Culture Matters: What retirees at Fukushima nuclear plant can teach us

What would you say to me if I was retired and enjoying my golden years and I told you that I felt it was my duty to go work in the nuclear plant I use to work in where I would most likely die a horrible death due to radiation poisoning?

Would you understand; be shocked; ask me if I had forgotten to take my meds? Our cultural backgrounds would, in large part, influence our response to this question. The cultural values we ‘inherit’ inform our thinking on a daily basis and affect our personal values.

Fukushima retirees head back to ‘work’

I heard a story today on the radio about the retirees of Fukushima Nuclear Plant (Japan) planning on returning to work to help clean up the disaster caused by the recent Tsunami. A past employee started the group, which consists of about 500 people aged from their mid-fifties and up.

They feel that it is their duty to participate in this work because they were a part of running the plant for many years. They also don’t feel that it is fair to ask the younger workers to do this, as they are still young enough to be raising families where the retirees’ children are already grown.

The retirees want to assume the most hazardous parts of the cleanup. They know that this is basically a death sentence and yet they have freely volunteered to do the work.

Who are you working with?

Knowing something about a person’s cultural background is important to helping people solve the challenges they have come to you with. It doesn’t matter whether your role is that of coach, therapist, counselor or something else, having an understanding of your client’s cultural background is going to help you do your job better, get better results for your client and avoid some potentially big misunderstandings.

Questioning with respect

Most people are comfortable talking about their cultural backgrounds when they feel someone is asking them respectfully and with an open mind. Being genuinely curious about the other person and how they see the world through their cultural lens can create the proper atmosphere for a fruitful dialogue.

It’s also important to keep in mind that no one person can speak for their entire culture. There are just too many variables and ways to interpret cultural being-ness. Culture is truly a delicious and at times a totally contrary soup full of subtle and not so subtle flavors bursting to the surface or waiting in the depths to be discovered.

Using images is a nice indirect way to get at some of this information as they help to surface core values naturally and without even asking. Core values can be a reflection of cultural values and surfacing them will give you many opportunities to ask questions that will help you understand your client better.

Cultures within cultures

There can be regional and other differences within cultures that need to be taken into account. I am from the northeastern part of the US originally and now live in the northwest. Even though we are all Americans, there are some significant differences in attitudes and how we express ourselves.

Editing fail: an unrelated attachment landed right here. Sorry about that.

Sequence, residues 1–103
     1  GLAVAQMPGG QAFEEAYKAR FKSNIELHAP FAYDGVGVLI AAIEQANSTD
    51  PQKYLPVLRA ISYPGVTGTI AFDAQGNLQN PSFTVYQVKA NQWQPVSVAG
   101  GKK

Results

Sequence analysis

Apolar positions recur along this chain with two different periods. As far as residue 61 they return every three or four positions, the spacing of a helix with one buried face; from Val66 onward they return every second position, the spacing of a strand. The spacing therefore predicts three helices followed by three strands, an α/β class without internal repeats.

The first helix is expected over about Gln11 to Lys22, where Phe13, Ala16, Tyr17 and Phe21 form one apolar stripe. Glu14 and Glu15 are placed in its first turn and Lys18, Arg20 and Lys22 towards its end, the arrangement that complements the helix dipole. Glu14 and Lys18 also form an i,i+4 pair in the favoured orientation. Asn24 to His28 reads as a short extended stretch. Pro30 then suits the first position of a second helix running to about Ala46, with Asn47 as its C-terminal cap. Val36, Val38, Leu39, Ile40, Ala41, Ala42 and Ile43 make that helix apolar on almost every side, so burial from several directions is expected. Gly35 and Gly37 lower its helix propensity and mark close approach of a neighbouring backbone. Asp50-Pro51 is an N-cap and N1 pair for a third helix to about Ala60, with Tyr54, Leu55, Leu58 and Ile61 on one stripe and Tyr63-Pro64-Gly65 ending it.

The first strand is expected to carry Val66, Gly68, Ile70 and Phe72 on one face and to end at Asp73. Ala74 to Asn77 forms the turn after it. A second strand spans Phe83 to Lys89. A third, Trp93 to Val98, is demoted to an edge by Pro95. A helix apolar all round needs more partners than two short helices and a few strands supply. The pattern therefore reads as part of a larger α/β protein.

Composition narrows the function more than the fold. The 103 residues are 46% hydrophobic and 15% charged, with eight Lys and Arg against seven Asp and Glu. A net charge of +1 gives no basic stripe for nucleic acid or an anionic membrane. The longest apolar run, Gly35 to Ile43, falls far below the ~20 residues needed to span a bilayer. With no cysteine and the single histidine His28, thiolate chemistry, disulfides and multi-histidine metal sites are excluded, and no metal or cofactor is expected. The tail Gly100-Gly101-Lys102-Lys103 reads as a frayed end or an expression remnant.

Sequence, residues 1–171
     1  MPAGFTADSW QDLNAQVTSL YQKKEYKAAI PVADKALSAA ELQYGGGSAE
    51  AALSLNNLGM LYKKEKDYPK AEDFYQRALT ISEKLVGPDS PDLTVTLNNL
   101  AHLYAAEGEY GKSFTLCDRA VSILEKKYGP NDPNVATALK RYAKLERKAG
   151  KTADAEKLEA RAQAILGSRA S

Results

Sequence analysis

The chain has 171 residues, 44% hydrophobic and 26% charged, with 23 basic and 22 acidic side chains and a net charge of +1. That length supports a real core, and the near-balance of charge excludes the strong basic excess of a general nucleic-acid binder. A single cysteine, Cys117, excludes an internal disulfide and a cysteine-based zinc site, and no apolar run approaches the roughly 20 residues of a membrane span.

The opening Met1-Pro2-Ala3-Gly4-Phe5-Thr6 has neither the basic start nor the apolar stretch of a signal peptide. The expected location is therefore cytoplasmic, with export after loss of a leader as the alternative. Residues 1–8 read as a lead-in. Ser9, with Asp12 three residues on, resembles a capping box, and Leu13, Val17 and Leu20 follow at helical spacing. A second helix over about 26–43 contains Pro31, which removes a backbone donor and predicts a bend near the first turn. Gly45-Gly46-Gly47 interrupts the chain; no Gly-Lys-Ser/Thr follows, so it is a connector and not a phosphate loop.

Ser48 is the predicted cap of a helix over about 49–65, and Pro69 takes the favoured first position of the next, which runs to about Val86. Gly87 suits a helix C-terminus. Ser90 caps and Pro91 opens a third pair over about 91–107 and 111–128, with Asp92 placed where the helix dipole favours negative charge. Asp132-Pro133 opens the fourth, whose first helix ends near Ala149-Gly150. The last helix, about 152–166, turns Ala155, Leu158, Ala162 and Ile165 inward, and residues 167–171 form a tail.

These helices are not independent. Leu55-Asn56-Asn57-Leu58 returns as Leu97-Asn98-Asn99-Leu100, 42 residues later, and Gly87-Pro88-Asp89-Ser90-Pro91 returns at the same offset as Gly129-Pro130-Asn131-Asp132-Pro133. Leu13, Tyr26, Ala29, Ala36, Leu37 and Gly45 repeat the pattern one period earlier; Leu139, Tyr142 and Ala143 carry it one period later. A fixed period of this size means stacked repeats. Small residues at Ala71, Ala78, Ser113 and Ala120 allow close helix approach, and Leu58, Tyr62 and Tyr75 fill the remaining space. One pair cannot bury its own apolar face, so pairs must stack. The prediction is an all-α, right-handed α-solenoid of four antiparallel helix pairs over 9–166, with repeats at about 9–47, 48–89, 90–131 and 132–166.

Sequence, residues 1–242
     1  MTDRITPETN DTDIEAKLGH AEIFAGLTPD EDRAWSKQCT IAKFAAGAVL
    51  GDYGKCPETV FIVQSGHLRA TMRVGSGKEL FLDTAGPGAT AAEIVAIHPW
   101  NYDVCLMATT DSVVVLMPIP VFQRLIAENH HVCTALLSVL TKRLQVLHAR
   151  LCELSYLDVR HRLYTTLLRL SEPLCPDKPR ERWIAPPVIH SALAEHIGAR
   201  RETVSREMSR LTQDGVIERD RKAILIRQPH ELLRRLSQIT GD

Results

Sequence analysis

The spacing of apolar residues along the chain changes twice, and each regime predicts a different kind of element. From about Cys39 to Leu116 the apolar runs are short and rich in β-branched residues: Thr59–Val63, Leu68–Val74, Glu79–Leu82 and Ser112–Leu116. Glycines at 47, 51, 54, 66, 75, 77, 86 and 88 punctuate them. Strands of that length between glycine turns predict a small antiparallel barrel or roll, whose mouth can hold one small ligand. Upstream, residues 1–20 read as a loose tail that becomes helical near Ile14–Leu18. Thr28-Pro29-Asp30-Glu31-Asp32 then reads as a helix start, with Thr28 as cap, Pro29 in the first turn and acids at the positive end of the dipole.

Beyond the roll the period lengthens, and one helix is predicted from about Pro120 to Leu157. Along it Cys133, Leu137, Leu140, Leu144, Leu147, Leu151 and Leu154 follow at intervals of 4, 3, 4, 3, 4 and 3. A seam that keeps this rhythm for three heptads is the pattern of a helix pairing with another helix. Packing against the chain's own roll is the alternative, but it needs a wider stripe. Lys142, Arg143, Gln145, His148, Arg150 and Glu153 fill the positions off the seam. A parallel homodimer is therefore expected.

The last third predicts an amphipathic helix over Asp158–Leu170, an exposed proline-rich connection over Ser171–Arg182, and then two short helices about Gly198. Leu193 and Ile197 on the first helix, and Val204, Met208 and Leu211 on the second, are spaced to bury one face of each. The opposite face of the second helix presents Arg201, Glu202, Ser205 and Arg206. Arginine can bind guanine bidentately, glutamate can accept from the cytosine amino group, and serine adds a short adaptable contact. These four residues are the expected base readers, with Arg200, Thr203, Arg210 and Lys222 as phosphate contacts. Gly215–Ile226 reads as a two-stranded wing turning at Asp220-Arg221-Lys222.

For example, in the northeast people will joke with you and give you a hard time if they like you. Here in the northwest, people interpret this behavior as being rude. Go figure.

Questions for Fukushima

Wouldn’t it be fascinating to sit down and talk to the retirees planning on going back to work at these reactors? How did they come to this conclusion? Why did they decide to do this? What thoughts and feelings are they having? Why do they feel it is their duty to help with this mess?

If you are Japanese and reading this, you might be wondering why I am even talking about this. Of course the refugees feel it is their duty. What else could they be feeling?

But for an American, I find the mindset of these people to be intriguing, because we would not come to this same decision collectively in my culture. Any retired nuclear reactor employees would likely offer their expertise at most. To have 500 of them volunteer to go clean up the mess would probably never happen as that is not part of our cultural mindset.

What would you like to ask the Fukushima retirees?

If you were in a position to interview these people, what questions would you have for them? Does their decision to help out align with your cultural norms or run contrary to it?


2 logs for the fire…Processing death & dying…part 2

In the first part of this post, I mentioned that I had been thinking about death and dying because recently a cousin and uncle had died. I related a story about how one community uses a ritual of taking two turns to go around and talk about how the departed had hurt them and then how his/her life enhanced their own.

darknessUsing visuals to explain the unexplainable

Carefully chosen images (photographs and paintings) help people to take the unexplainable, such as death and their feelings around it, and start the process of expressing what they are experiencing.

Visuals are akin to our brains in the sense that we do not experience feelings/emotions in a linear fashion. There is a randomness to how we process information/feelings where a variety of thoughts/input, which are sometimes at odds, bounce around until such time as we can articulate them. Images mimic this process, because there are no concrete words attached to them and only the person viewing them can give meaning to the images they have selected out of the millions/billions of possible interpretations.

Images start the process of taking a multitude of hard to describe thoughts/feelings and make them more concrete by virtue of a person selecting them and laying them out before them. The images become a bridge between the subconscious/unexplainable and the conscious and articulated.

Celebrating a life